PHOENIX, Ariz. — Substances in a common plant can kill larvae of the mosquito that helps spread the viruses that cause Zika, chikungunya and dengue fever. That’s the discovery of a teen from the Philippines. His research may help public health officials develop a way to slow the spread of those deadly diseases. It also may give homeowners hints about how to home-brew their own mosquito-killing cocktail.
Dengue (DEN-gay) virus is a leading cause of illness and death throughout the tropics and subtropics. The disease is spread by the Aedes aegypti (AY-dees Eh-JIP-tye) mosquito. Dengue causes high fevers, severe headaches and joint pain, among other symptoms. With no vaccine to prevent it, up to 400 million people contract dengue each year, according to the Centers for Disease Control and Prevention. More than one-third of all people on the planet live in areas at risk of this infection.Within that big zone is The Philippines. It’s where Jerouen Paul Lumabao lives. A 10 th grader at Daniel R. Aguinaldo National High School in Davao City, he wanted to look for something that would at least slow dengue’s spread. He knew that many insect-killing chemicals were first discovered in plants. So the 17-year-old decided to test new candidates that he extracted from three plants common to where he lives.
One is a thigh-high weed called tawa-tawa (Euphorbia hirta). Another is an attractive perennial called the San Francisco plant (Codiaeum variegatum). Because its leaves are colorful, people often plant it in gardens and yards, says Jerouen. (Known as the variegated croton, this plant also is grown as a houseplant in cooler, temperate zones.) The third is an herb called lemon grass (Cymbopogan citratus), which is used in cooking.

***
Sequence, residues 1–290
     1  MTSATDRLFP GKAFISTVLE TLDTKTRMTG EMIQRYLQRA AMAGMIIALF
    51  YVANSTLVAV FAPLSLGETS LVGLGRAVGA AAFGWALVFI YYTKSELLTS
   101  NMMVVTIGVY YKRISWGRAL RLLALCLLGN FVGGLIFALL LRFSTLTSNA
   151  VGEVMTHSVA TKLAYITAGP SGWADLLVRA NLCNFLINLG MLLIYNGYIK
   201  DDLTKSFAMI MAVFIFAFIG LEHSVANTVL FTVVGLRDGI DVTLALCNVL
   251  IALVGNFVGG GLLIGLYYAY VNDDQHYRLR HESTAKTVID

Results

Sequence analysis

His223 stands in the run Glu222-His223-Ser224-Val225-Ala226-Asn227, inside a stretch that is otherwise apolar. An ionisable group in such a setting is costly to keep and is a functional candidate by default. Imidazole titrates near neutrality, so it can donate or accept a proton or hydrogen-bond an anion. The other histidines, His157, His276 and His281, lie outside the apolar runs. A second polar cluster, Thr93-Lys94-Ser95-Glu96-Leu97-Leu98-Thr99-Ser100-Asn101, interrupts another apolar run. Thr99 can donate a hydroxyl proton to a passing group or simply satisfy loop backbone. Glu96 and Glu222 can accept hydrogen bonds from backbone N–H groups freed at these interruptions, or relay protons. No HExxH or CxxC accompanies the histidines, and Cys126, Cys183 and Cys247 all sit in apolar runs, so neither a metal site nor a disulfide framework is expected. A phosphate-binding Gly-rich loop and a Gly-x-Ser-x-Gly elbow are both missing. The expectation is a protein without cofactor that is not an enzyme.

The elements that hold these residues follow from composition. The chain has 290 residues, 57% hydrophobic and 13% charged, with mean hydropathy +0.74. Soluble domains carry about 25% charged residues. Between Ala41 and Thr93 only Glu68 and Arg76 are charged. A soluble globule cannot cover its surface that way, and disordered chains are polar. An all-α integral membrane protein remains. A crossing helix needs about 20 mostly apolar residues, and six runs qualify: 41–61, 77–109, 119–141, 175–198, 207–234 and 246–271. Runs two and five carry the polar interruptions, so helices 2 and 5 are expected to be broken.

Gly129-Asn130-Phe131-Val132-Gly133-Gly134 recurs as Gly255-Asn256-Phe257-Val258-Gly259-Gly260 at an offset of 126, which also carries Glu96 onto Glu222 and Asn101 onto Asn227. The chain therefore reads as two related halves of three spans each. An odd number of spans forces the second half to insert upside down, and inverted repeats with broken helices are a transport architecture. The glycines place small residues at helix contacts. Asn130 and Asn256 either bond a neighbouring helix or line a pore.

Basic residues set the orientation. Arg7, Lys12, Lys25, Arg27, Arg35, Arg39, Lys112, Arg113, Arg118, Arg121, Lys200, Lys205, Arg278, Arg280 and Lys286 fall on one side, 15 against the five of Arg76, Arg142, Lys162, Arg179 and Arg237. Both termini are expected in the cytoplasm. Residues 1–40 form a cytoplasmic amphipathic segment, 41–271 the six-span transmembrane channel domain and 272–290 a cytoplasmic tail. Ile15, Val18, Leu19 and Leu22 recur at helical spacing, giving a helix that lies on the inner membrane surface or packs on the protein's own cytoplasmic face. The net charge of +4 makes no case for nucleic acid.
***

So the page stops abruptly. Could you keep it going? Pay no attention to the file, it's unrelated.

Many insect-killing extracts are isolated by soaking a plant’s leaves in alcohol. And that’s basically what Jerouen did. After picking the leaves, he dried them for one week. Then, he soaked each type in alcohol. Afterwards, he let the alcohol evaporate. What remained was a concentrated oily liquid full of plant-made chemicals.
He tested these extracts by dripping small quantities of them into water that contained mosquito eggs and larvae. Both tawa-tawa and lemon grass extracts caused the mosquito larvae to develop unusually. They would not have matured into healthy adults, Jerouen says. The San Francisco plant extract proved even more toxic to the insects. In just 24 hours, it had killed all of the mosquito eggs and larvae in the water.
Jerouen described his results here, May 12, at the Intel International Science and Engineering Fair. Created by Society for Science & the Public and sponsored by Intel, this year’s competition brought together more than 1,750 students from 75 countries. (SSP also publishes Science News for Students.)
Jerouen focused his research on preventing the spread of dengue fever. But in recent months, people have become even more aware of the Zika virus. It, too, is spread by mosquito bites. It can cause fevers, rashes and eye inflammation. What’s more, if a pregnant woman gets infected, her baby might end up with birth defects. And then there’s chikungunya, a devastating disease poised to hit North America. All three viruses can be transmitted by Aedes aegypti mosquitoes. This suggests Jerouen’s plant extracts might become a powerful weapon in fighting many frightening diseases.